What is a Lasting Power of Attorney?
A Lasting Power of Attorney (LPA) is a document which allows another person to make decisions for you in respect of your finances and/or your health when you are unable to make such decisions.
Terms used in an LPA:
Donor - person making the LPA
Attorney - the person(s) appointed to act on behalf of the Donor and to make decisions regarding their financial affairs and/or health
Certificate Provider - the person who confirms the Donor has full mental capacity to make an LPA and understands the implications of them. This can be someone you have known for 2 years, a doctor or solicitor.
There are two types of Lasting Powers of Attorney; Property & Affairs and Health & Welfare:
A Property & Affairs Lasting Power of Attorney allows the attorneys to make decisions in respect of your finances (ie buying or selling property, opening, operating and closing any bank, building society or other accounts, obtaining access to your financial information, claiming receiving or using benefits and pensions allowances on your behalf, receiving Inheritance due to you, dealing with your Tax affairs, paying your mortgage liabilities). This document can be used by your attorney with your consent or if you lose mental capacity.
A Health & Welfare Lasting Power of Attorney will cover issues such as where you should live, who you should live with, your day to day care including diets and dress, consenting to or refusing medical examinations, arrangement for your medical, dental or optical treatment. There is also a section within this document where you can decide if you would like to give your attorneys the authority to make decisions regarding life sustaining treatment. This will involve decisions which can prolong or shorten your life. This document can only be used if you lose mental capacity.
Who can be an Attorney?
You can appoint your spouse, children or friend to be your Attorney. If you do not know or have anyone that you feel would act as your attorney, you can appoint your solicitor as your attorney instead.
You can also appoint replacement attorneys in the event your first named attorney can no longer act for you.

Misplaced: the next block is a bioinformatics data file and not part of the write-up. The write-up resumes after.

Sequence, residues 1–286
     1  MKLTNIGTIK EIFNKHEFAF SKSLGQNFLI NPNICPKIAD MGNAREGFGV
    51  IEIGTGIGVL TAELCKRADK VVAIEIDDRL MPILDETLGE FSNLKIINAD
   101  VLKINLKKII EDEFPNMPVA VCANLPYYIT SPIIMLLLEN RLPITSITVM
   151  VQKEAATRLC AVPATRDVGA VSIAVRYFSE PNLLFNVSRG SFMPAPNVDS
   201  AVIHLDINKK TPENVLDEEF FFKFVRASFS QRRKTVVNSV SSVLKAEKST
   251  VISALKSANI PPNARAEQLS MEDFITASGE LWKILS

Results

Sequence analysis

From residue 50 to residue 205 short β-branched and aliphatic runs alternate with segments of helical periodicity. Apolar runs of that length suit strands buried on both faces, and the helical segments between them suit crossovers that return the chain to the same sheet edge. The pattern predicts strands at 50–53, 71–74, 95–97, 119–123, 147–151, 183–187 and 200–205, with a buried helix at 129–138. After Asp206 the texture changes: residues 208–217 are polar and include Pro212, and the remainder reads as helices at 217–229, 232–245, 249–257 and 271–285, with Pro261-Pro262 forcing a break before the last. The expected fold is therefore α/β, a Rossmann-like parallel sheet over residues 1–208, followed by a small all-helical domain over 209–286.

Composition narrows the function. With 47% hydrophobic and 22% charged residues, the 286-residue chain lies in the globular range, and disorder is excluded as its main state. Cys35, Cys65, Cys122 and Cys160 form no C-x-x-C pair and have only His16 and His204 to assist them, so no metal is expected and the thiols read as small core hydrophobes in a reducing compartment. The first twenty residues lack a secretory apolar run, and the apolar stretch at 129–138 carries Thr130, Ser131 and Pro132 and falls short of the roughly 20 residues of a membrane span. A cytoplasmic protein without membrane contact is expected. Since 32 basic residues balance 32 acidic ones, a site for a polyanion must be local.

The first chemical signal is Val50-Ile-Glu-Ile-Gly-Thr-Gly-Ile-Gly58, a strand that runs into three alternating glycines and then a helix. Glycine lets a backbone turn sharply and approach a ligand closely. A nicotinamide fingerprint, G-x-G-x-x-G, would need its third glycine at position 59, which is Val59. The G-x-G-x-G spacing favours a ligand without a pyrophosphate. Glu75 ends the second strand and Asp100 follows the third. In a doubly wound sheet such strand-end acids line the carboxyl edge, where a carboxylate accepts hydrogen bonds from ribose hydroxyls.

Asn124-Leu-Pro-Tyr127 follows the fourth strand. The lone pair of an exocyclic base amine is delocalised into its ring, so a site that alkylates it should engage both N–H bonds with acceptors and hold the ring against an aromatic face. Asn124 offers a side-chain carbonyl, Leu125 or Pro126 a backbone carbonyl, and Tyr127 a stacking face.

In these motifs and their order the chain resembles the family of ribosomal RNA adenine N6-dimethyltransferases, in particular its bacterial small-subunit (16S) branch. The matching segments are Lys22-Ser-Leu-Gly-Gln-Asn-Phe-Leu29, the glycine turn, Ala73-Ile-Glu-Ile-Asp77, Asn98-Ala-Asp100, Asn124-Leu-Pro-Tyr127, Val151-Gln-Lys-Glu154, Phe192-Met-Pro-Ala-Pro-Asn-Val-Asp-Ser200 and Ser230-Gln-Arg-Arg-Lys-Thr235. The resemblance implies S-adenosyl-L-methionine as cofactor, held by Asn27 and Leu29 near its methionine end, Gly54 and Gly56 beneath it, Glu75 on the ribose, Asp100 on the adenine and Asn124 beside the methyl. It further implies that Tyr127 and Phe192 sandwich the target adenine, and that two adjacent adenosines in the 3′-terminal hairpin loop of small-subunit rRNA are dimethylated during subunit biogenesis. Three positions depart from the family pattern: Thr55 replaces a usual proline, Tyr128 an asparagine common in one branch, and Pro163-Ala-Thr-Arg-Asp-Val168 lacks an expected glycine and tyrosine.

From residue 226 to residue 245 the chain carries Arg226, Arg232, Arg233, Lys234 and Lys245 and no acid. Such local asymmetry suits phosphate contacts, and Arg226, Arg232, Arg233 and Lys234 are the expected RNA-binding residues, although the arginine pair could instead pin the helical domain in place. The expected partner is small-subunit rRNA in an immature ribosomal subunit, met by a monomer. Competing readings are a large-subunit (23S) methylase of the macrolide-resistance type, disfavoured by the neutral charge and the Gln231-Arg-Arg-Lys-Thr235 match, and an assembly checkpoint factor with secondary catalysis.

You can therefore appoint your family in two different ways:
- You appoint your spouse as your sole attorney. Your children can be appointed as your replacement attorney and will step in when your spouse stops acting for you.
- You appoint your spouse and children as your attorneys who will act jointly and severally. This means that any one of them can act for you at any time however they must keep each other informed of any decision.
What is the process?
Your LPA needs to be signed by you as the donor, your attorneys and the certificate provider. Your signature and your attorneys signature also has to be witnessed which can be done by the certificate provider. You also have to ensure your LPAs are signed in the correct order.
Once everyone has correctly signed the documents, your LPAs will then be sent to the Office of the Public Guardian for registration. There is a registration fee of £82 per application however depending on your annual income or if you receive certain benefits, you may be eligible for an exempt or reduced fee. It will take approximately 12 weeks for the LPAs to be registered and once they have been returned, they will be ready to use.
What’s the difference between an Enduring Power of Attorney and Lasting Power of Attorney?
Enduring Powers of Attorney (EPAs) were replaced by LPAs on 1st October 2007. EPAs allow the attorney to deal with the donor’s property and financial affairs only and do not authorise the attorney to make decisions regarding the donor’s health and welfare. An EPA would be valid (if correctly drafted) and ready to use as soon as it had been signed however if the donor lost or was losing mental capacity, the attorneys must apply to Court for the EPA to be registered at that stage.
EPAs are still valid and can be used however new ones are no longer executed and you would have to make a Property & Affairs LPA instead.